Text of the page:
5. Add up your overheads for that dish. This will include marketing, taxes labour and rent. Dividing the total of your overheads daily by the number of potential covers is rudimentary, but provides a decent baseline.
  6. Come up with your ideal food cost percentage. For example, if the dish is priced at £10 and the overhead cost is £5, your food couldn’t cost more than £5 to break even.
  7. Consider if your menu prices cover the food costs and overheads. Do they return a profit? The principle in step 6 will assist here.

Make your way through each step above (you don’t have to do so in a linear fashion) and keep refining that menu price until it makes sense commercially.

It’s important to do the above for each item on your menu and to consider different ideal food cost percentages and gross profits for each dish. For instance, if you price your starters low, can you make up for the lost profit by hiking up your main course prices?

As a last step, work out if your food cost percentages can support your restaurant by paying the bills and staff. If they don’t, your prices simply aren’t sustainable.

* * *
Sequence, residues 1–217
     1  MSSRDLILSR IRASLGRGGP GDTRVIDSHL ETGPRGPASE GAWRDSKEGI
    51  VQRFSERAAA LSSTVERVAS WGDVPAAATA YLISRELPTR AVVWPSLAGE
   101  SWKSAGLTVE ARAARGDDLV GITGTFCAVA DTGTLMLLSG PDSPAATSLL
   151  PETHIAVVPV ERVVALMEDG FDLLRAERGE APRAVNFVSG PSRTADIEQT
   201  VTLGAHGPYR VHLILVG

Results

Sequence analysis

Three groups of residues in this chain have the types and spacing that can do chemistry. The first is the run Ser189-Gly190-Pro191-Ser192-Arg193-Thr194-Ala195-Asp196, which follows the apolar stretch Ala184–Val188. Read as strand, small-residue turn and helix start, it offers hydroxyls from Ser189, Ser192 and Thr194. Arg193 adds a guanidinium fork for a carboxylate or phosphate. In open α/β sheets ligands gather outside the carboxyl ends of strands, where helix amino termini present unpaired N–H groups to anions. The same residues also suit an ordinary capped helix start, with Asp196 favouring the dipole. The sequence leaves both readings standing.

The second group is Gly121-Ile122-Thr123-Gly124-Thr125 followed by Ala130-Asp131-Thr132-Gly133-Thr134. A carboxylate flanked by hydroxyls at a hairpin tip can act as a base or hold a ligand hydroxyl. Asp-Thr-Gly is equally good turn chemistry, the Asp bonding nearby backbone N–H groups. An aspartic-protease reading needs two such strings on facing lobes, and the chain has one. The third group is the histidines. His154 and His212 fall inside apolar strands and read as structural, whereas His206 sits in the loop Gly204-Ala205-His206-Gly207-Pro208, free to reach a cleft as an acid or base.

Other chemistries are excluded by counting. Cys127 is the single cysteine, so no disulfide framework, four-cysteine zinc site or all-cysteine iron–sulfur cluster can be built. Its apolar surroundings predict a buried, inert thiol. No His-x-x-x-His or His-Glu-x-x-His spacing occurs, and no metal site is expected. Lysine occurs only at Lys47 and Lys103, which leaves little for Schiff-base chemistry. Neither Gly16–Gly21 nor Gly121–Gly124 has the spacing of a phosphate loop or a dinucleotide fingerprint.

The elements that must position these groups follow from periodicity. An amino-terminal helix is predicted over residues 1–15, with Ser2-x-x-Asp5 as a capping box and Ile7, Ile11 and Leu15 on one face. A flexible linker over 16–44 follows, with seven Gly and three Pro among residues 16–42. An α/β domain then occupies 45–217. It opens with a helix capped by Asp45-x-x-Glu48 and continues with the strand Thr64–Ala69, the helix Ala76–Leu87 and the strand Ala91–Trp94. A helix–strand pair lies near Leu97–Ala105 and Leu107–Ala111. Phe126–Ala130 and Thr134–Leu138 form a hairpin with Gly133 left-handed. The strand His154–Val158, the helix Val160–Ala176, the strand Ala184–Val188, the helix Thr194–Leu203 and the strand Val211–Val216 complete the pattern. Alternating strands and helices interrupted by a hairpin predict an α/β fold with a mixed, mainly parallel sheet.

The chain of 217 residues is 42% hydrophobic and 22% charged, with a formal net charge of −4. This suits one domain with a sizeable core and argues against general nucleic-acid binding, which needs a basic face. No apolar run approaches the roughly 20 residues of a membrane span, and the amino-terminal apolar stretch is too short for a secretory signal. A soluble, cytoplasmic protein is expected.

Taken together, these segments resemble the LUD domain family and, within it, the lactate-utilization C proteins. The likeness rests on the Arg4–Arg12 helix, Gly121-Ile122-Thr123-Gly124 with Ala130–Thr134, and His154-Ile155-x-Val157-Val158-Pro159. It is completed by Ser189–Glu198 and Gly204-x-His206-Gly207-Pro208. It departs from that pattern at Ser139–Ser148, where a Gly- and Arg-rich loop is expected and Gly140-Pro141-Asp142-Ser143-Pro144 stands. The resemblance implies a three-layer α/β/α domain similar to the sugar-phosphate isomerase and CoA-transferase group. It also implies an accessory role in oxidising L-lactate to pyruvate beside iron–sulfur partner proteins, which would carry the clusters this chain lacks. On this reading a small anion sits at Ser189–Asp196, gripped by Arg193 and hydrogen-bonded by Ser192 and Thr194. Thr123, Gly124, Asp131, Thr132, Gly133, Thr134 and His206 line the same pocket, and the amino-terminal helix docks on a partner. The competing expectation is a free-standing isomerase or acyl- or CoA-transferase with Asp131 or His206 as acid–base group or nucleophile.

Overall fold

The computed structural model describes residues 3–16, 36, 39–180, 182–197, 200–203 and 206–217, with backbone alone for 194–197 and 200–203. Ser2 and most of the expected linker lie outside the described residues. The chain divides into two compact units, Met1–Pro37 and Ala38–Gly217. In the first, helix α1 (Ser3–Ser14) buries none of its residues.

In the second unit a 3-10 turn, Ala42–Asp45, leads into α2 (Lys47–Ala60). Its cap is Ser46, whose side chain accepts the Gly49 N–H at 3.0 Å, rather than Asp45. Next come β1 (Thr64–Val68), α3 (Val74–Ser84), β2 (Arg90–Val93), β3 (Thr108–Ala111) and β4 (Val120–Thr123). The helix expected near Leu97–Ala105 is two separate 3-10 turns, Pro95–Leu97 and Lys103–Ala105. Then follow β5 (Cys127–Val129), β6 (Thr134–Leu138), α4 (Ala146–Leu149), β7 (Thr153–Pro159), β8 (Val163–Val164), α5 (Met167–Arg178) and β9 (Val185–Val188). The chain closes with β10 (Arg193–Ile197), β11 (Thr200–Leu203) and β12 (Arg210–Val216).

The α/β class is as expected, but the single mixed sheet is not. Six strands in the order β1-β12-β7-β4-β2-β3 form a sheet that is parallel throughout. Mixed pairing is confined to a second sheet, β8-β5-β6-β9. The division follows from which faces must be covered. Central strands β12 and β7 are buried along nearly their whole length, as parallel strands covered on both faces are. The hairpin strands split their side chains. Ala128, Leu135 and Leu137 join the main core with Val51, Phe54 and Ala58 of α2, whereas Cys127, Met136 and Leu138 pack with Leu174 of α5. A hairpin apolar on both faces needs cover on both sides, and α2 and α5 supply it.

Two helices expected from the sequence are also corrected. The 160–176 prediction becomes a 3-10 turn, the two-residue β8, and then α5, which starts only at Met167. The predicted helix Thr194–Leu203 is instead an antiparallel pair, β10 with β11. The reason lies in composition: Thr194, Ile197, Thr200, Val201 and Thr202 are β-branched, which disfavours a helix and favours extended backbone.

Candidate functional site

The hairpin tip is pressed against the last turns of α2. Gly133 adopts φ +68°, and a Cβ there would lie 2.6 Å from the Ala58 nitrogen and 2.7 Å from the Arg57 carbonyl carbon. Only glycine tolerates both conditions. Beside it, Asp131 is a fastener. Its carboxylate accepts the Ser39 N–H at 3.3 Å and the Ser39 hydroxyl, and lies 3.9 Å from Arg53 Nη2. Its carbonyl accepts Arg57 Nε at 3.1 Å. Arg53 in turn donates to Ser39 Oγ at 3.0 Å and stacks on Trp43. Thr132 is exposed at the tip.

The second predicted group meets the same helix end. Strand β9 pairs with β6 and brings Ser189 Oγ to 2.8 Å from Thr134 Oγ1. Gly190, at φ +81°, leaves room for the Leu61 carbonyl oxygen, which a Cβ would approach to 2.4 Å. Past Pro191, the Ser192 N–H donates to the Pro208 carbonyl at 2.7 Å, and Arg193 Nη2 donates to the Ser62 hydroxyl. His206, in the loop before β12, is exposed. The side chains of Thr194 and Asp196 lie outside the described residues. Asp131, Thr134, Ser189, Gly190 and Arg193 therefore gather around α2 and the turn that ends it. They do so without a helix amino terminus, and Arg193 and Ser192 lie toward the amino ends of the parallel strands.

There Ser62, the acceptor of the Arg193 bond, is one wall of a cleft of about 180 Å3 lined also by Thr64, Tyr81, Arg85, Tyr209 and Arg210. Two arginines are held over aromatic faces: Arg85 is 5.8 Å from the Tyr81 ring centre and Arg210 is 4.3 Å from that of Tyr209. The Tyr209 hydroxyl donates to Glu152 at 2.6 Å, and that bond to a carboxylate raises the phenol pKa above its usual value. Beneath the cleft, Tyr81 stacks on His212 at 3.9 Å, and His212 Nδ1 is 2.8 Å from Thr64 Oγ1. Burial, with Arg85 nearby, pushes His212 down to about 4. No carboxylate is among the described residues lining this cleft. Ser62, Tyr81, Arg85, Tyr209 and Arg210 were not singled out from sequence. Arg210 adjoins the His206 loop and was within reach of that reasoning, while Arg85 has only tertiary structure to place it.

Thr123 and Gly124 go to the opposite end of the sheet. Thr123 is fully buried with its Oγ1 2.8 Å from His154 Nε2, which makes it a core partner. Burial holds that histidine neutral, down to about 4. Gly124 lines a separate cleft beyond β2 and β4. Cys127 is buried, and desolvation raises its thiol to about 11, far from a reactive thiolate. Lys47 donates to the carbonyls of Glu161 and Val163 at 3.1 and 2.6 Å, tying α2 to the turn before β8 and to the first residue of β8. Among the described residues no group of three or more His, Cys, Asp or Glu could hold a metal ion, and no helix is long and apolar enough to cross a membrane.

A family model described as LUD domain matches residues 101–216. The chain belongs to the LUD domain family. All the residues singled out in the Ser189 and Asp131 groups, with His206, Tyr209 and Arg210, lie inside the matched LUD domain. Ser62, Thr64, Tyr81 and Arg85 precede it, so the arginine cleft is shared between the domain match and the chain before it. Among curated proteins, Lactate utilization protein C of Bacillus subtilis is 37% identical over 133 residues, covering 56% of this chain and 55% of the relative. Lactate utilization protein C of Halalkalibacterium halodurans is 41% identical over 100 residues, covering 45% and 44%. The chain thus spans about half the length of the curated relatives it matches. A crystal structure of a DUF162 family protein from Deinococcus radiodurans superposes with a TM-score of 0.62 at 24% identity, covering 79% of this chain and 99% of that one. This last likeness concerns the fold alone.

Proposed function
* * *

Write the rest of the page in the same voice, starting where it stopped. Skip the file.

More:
The importance of portion control

Portion control sits at the heart of the most successful restaurants. They know exactly how much of each ingredient to use for each dish and never break those boundaries.

We’re often talking fine margins here - one prawn over or under, for instance - but when you add up the number of dishes sold, it becomes clear how over or under portioning will vastly impact the gross profit of every menu item.

Take time to measure everything out in the kitchen and make good portion control a standard that must be adhered to. Meat should be weighed and items like grated cheese stored in portion control cups.

A note on restaurant menu psychology

menu pricing philosophy

Sometimes referred to as ‘menu engineering’, the psychology behind menu pricing is fascinating.

Studies show that diners will often order the first item they notice on the menu, so try diverting their attention to your high profit dishes immediately. You can do this by boxing them out on the menu or using emotive language such as “dishes our chef loves”.

Your serving staff can play a big role here, too. If they’re aware of the high profit dishes and the reasons people might enjoy them, that should form a large part of their table talk by gently enticing diners to choose those dishes.

Lastly, think about the ‘golden triangle’ when designing your menu. This is based on the theory that most people will look at the centre, then the top-right, followed by the top-left corners of the menu when first viewing it.

Wrapping up

Sales and their resulting profit will be the most important factor in determining the success of your restaurant. It’s why you should spend a great deal of time on your menu pricing and make sure it’s revisited regularly.